We focus on the AM steps that involve development of conceptual models, testable hypotheses, evaluation, learning, and a structured approach to adjustments because they are critical to maximize learning and these steps have not been implemented in many projects that purport to use AM (Gregory et al. 2006Allen and Gunderson 2011). Our hope is that this example highlights that AM can be implemented in a relatively simple fashion and that it is tractable for IMWs and most restoration projects but still maximizes the opportunities for success and learning. Below, we describe the steps we followed in developing and implementing an AM plan for the Asotin Creek IMW. Asotin Creek is a direct tributary to the Snake River approximately 5 km upstream of Clarkston, Washington. The Asotin Creek IMW has added LWD to 4-km-long treatment sections within three tributaries to Asotin Creek (hereafter referred to as study creeks) and will be comparing the response of fish and habitat in two 4-km-long control sections in each study creek. The restoration uses a high density of hand-built LWD structures (i.e., ∼135–208 structures within each treatment section) to minimize disturbance of recovering riparian vegetation and test the effect of many low-cost structures compared to a few expensive and hard-engineered structures.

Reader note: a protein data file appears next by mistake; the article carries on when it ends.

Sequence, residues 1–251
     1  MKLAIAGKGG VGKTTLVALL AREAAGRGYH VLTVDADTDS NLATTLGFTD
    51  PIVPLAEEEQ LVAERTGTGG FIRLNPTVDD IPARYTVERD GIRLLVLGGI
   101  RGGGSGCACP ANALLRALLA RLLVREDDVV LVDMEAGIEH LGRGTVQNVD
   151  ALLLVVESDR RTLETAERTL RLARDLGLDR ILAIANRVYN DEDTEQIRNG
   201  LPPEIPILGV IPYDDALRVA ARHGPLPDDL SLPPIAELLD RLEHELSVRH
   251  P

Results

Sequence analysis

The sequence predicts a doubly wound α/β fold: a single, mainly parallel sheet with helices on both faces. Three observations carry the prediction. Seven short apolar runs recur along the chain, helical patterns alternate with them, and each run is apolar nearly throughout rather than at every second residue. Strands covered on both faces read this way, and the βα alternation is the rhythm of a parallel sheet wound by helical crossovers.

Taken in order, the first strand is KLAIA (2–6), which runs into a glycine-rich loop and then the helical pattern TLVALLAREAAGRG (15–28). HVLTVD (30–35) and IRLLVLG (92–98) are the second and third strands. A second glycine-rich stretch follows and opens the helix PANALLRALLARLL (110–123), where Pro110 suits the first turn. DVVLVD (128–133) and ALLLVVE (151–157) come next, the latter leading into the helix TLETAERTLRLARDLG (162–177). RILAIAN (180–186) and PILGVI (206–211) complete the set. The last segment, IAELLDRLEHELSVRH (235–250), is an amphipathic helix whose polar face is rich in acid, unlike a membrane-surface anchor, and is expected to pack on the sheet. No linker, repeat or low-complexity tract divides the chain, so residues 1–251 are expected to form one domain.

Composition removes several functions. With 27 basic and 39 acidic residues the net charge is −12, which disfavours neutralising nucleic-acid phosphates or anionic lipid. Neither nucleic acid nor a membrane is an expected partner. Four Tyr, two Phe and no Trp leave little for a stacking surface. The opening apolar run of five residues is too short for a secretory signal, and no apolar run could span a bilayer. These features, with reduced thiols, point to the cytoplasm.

PLANNING

During the planning phase we worked with the Snake River Salmon Recovery Board and their partners and used existing watershed assessments and literature reviews to identify the “problem(s)” in Asotin Creek (Figure 1). We followed up with our own field studies to corroborate previous assessments and identified simplified riparian and stream habitat, mainly from the lack of LWD, as the key ecological concern. We then developed an experimental design, monitoring, and restoration plan and detailed hypotheses to test the effects of LWD on hydraulic and geomorphic conditions and subsequently fish production (snakeriverboard.org/wpi/library/reports).